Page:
hide Matching Documents

Browsing named entities in Rebellion Record: Introduction., Volume 1. (ed. Frank Moore). You can also browse the collection for Madison or search for Madison in all documents.

Your search returned 10 results in 2 document sections:

Rebellion Record: Introduction., Volume 1. (ed. Frank Moore), Contents of Thie first volume. (search)
ick,119 146.New Version of an Old Song, Evening Post,120 147.All Forward, Independent,120 148.To the Secession Flag, Waterford Mail,121 149.The Uprising of the North, J. C. Hagen,121 150.The Married Volunteer, Sallie S. McC., 121 151.The Massachusetts Line, Author of New Priest,122 152.The Seventy-Ninth, Thos. Frazer,122 153.Loyal Delaware,122 154.Jefferson D., H. J. Cornwell,123 155.The Crisis, J. G. Whittier,123 156.Our Orders, Atlantic Monthly,123 157.The Rising of the North, Madison State Journal,123 158.The Bones of Washington, London Punch,127 159.Ode for 1861, H. H. Weld,133 160.The Nation's Voice, Rev. M. B. Smith,133 161.The Southern Volunteer to his Wife,133 162.Kentucky, Mrs. S. H. Oliver,134 163. All of them, S. B. K., N. Y. Tribune,134 164.The Rattlesnake Banner, W. M. W., 135 165.The Southern Malbrook, R. H. Stoddard,135 166.Songs of the Rebels: Southern War-Cry, N. O. Picayune,136 167.Songs of the Rebels: The Ordered Away, Mrs. Jacobus,136 168.Son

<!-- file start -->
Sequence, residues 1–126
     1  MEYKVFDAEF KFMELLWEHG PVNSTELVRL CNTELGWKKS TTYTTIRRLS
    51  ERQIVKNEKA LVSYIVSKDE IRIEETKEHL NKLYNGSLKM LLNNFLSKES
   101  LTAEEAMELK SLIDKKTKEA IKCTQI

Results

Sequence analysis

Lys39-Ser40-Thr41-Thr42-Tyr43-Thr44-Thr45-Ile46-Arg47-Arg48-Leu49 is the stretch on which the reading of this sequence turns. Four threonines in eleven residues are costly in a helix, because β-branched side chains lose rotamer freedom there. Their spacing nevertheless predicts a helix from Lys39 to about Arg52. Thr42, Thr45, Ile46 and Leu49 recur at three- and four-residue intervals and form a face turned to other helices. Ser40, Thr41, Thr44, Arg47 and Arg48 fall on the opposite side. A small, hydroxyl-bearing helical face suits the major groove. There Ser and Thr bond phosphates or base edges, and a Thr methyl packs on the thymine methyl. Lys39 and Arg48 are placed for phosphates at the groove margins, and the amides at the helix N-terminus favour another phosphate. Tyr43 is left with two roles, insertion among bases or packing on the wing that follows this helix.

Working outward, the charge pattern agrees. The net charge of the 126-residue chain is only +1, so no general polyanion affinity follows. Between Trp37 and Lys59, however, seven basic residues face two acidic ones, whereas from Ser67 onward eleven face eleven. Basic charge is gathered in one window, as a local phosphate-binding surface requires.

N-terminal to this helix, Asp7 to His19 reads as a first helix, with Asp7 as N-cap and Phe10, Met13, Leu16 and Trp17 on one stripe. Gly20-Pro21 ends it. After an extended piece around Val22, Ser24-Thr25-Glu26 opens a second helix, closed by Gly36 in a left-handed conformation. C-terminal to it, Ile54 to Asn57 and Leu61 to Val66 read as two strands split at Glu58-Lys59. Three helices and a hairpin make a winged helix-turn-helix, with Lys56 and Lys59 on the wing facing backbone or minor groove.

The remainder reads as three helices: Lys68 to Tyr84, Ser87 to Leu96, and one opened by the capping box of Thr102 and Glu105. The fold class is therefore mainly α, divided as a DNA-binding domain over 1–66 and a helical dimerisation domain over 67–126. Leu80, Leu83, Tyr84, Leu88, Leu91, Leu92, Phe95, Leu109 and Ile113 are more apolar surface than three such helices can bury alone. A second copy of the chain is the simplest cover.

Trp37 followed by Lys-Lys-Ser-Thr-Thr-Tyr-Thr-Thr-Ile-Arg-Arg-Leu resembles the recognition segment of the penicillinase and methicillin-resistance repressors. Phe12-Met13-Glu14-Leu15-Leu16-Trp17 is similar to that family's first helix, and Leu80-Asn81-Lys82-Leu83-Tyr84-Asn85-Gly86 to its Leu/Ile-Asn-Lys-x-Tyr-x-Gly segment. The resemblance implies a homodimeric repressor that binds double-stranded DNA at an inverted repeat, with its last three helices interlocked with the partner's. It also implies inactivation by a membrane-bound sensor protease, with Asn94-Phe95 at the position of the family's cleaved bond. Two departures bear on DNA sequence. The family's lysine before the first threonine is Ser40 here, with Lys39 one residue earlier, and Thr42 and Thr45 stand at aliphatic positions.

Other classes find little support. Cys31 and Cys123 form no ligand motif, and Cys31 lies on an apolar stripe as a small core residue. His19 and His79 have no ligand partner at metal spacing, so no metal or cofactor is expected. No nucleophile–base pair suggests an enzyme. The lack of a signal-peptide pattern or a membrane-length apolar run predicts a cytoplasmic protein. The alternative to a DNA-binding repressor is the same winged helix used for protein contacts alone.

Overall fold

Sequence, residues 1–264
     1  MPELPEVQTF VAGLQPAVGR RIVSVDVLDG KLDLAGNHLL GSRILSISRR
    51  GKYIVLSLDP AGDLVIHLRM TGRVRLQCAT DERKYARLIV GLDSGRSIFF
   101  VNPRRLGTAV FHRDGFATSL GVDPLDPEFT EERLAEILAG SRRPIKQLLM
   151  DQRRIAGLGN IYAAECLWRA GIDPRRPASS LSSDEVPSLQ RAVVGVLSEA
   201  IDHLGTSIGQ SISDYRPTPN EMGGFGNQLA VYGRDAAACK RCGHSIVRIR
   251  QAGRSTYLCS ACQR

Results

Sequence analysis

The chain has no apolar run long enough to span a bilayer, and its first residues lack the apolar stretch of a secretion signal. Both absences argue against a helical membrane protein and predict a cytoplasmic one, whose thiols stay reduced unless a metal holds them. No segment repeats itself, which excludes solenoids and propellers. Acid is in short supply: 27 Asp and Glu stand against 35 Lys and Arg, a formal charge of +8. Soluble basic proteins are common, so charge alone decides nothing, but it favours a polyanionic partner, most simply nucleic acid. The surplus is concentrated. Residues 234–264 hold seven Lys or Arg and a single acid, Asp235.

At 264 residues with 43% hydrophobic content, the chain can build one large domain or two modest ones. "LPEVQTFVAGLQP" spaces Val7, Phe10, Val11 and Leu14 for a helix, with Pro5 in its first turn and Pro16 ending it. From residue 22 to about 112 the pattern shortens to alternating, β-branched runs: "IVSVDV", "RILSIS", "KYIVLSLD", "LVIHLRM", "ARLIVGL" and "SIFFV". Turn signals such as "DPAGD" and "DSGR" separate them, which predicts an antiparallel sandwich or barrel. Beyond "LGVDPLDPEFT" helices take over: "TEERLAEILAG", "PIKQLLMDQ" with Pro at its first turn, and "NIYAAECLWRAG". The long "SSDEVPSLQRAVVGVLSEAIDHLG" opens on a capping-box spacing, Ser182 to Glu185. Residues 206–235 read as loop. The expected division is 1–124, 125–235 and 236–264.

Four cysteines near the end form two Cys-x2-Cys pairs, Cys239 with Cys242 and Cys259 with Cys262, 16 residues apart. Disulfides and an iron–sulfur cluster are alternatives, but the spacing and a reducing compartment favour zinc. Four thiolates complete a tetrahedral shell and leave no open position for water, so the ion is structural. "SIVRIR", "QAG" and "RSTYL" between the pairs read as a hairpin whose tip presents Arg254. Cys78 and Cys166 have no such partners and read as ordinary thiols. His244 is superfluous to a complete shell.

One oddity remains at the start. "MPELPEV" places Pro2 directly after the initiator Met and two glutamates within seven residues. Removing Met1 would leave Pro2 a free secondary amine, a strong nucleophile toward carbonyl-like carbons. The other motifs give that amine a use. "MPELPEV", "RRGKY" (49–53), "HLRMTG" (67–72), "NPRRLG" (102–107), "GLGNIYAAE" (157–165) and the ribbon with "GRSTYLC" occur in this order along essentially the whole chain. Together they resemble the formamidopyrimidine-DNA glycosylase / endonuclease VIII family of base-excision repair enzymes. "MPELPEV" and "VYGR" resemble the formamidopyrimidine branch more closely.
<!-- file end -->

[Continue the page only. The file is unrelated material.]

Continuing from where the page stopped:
Rebellion Record: Introduction., Volume 1. (ed. Frank Moore), Introduction. (search)
e, it was repeatedly and emphatically declared by Mr. Madison, the author of the resolutions, that they were inre no longer cherished; the work of Washington, and Madison, and Randolph, and Pendleton, and Marshall is repudfamous resolutions of 1798, the former drafted by Mr. Madison, and the latter by Mr. Jefferson, and sent to a fture of Virginia, an elaborate report was made by Mr. Madison, explaining and defending the resolutions; in Ken them, on their passage through the assembly; and Mr. Madison, in his report of 1799, carefully explains that ne, was chosen President by a very small majority; Mr. Madison was placed at the head of his administration as S that day to this made no attempt to grapple with Mr. Madison's letter of August, 1830. North American Revieeats his exploded parodoxes as confidently, as if Mr. Madison himself had expired with the Alien and Sedition lt was reported to the House of Representatives by Mr. Madison, who is entitled as much as any one to be called